–          Data movement to and within the cloud – Data ingest, data distribution – how will your data get to and from the cloud and move within the cloud?

–          Process migration – moving processes geographically closer to the data

–          Consider hybrid cloud infrastructures, rather than pure cloud or pure on premises

–          Security –  always a consideration, they have worked with Amazon GovCloud to meet their requirements

To aid their move to SOA and the cloud, NASA created various working groups – such as – Data Stewardship, Interoperability, semantic technologies, standards, processes etc.

This has been successful for them so far, and currently NASA Earth Sciences make wide use of SOA, Semantic technologies and the cloud (esp. for big data).

The day then moved to 7 separate track of talks which turned out for me to be somewhat of a mixed bag.

Talk 1 was titled ‘Introducing the cloud computing design patterns catalogue’.  This is a relatively new project to create re-usable deign patterns for moving applications and systems to the cloud.  The project can be found here;

www.cloudpatterns.org

Unfortunately the intended speaker did not arrive so the talk was just a high level run through the site.  The project does look interesting and I’d recommend you take a look if you are involved in creating cloud based architectures.

The second talk was supposed to be ‘A cloud on-boarding strategy’ however the speaker did not turn up, and the organisers had no idea if he was coming or not so wasted a lot of peoples time.  While it’s outside of the organisers control if someone arrives or not, they should have been aware the speaker had not registered and let us know rather than the 45 minutes of is he, isn’t he, we just have no idea that ensued..

The third talk was supposed to be ‘developing successful business plans for cloud computing projects’.  This was again cancelled due to the speaker not arriving.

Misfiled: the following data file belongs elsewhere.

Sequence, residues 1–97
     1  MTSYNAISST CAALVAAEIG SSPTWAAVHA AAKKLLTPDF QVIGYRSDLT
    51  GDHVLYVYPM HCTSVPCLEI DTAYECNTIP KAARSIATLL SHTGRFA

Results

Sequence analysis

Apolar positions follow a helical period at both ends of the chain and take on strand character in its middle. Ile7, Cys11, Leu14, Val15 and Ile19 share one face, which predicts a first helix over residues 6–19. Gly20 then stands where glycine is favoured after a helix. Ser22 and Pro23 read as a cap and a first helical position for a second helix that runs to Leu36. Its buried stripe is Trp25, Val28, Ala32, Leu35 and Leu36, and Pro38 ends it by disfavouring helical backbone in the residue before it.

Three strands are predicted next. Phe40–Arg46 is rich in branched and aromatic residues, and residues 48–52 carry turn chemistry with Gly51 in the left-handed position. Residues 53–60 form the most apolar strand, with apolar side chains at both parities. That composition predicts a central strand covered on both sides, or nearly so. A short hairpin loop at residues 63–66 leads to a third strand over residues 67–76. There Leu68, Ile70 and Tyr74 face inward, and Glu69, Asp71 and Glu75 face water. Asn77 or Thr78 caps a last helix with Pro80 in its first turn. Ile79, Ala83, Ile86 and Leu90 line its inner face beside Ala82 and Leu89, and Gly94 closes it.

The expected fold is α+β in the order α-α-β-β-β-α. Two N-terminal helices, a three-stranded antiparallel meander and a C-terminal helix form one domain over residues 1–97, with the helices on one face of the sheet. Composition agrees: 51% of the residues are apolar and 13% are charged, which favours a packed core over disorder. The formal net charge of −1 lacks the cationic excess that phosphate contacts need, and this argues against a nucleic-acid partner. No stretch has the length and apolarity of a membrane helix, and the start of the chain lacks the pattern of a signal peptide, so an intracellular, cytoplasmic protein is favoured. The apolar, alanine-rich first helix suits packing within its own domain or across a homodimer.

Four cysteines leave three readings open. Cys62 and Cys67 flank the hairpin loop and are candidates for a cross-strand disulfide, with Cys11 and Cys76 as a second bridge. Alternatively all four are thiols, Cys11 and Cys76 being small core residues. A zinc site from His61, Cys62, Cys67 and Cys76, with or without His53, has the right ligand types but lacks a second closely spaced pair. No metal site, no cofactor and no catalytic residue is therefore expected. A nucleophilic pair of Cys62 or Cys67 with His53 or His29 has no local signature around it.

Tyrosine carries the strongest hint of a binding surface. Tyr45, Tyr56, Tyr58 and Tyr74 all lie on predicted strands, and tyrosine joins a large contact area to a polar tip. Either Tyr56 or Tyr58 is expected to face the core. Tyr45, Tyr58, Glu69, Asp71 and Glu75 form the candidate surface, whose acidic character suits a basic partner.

Talk 2 (talks numbered by my attendance) was a Gartner talk titled ‘Building Cloudy Services’.  This was an interesting talk that I’ll cover in more depth in a following post.

Talks three to five were also all interesting and will be covered in some more depth in their own posts.  They had the below titles;

Talk 3 was titled ‘HPC in the cloud’

Talk 4 was titled ‘Your security guy knows nothing’

Talk 5 was titled ‘Moving applications to the cloud’

The final talk of the day was titled ‘Integration, are you ready?’  This was however a somewhat misleading title.  This talk was from a cloud ESB vendor and was basically just an advertisement for their product and how great it was for integration. not generally about integration.  Not what you expect from a paid for event.  I’ll not mention their name other than to say they seem to have been inspired by a piece of peer to peer software.. Disappointing.

Overall, despite some organisational hiccups and a lack of vetting of at least one vendors presentation, day one was informative and interesting.  Look out for more detailed follow up posts over the next few days.

K